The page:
Ø A Memorandum of Understanding (MoU) was signed between the ISRO Telemetry Tracking and Command Network (ISTRAC), Indian Space Research Organisation (ISRO), Department of Space and the Council of Scientific and Industrial Research (CSIR)-National Physical Laboratory (NPL), Ministry of Science and Technology, in New Delhi on August 4, 2017. The MoU provides for time and frequency traceability services to ISRO by CSIR-NPL.
Ø Mars Orbiter Mission successfully completed three years in its orbit on September 24, 2017, surviving well beyond its designed mission life of six months. All Scientific payloads continue to provide valuable data of Mars surface and its atmosphere. Mars Colour Camera on-board MOM has acquired more than 700 images of Martian surface. MOM atlas is published and updates on MOM images are regularly provided on ISRO website. The observations drawn by scientists have been published in 20 scientific papers in peer reviewed journals. The archived scientific data has been released to public for free download and scientific research. About 1380 registered users have downloaded more than 370 GB of data.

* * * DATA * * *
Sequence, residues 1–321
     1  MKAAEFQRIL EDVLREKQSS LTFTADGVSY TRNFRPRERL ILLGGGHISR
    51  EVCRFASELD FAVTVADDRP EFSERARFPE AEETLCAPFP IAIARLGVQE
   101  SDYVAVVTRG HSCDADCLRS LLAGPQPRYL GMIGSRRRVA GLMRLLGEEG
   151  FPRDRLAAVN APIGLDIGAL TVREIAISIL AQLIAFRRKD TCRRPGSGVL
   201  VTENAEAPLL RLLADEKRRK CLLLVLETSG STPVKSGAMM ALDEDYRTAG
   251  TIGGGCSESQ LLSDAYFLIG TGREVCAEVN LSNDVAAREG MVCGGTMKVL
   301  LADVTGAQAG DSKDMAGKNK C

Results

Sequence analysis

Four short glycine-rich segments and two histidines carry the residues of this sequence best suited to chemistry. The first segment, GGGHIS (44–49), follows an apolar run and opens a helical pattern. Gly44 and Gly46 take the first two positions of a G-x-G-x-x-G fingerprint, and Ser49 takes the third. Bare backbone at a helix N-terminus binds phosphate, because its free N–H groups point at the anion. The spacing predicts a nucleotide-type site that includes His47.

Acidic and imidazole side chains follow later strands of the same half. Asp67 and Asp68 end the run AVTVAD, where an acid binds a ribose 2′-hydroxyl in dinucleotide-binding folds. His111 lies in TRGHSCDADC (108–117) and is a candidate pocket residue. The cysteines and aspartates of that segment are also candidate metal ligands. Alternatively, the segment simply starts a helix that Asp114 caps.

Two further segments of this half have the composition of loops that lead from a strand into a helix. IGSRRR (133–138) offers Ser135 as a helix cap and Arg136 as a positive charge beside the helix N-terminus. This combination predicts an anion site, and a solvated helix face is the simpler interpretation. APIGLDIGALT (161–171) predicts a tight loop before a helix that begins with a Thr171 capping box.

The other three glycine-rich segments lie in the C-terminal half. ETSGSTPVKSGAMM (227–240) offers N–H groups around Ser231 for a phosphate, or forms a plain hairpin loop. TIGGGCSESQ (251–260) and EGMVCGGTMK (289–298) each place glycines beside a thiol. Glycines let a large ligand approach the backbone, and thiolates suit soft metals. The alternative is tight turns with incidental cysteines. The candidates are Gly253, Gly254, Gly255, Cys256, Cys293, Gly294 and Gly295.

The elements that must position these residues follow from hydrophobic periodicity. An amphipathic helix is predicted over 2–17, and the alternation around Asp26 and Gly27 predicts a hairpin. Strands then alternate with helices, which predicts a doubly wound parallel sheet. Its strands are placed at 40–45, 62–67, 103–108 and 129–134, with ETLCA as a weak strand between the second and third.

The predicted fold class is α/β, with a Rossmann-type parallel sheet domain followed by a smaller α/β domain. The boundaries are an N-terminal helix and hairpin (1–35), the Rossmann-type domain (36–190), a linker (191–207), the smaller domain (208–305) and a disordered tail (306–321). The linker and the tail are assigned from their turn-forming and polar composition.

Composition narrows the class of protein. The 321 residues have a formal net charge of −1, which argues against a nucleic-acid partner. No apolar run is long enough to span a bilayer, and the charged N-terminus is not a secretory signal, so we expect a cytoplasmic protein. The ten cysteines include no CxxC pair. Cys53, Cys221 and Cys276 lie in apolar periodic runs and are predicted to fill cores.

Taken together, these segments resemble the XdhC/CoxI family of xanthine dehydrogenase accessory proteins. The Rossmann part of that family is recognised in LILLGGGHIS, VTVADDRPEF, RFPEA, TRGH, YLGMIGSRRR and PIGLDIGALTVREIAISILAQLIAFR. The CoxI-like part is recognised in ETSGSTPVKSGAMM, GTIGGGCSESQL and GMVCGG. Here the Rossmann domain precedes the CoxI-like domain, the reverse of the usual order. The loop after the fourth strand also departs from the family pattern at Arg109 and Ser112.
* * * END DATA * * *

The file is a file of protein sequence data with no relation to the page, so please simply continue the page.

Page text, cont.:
Ø ISRO and Jet Propulsion Laboratory (JPL)/NASA are jointly working on the development of Dual Frequency (L&S band) Synthetic Aperture Radar Imaging Satellite named as NASA-ISRO Synthetic Aperture Radar (NISAR). The L-band SAR is being developed by JPL/NASA, while ISRO is developing S-band SAR. The L & S band microwave data obtained from this satellite will be useful for variety of applications, which include natural resources mapping and monitoring; estimating agricultural biomass over full duration of crop cycle; assessing soil moisture; monitoring of floods and oil slicks; coastal erosion, coastline changes and variation of winds in coastal waters; assessment of mangroves; surface deformation studies, ice sheet collapses and dynamics.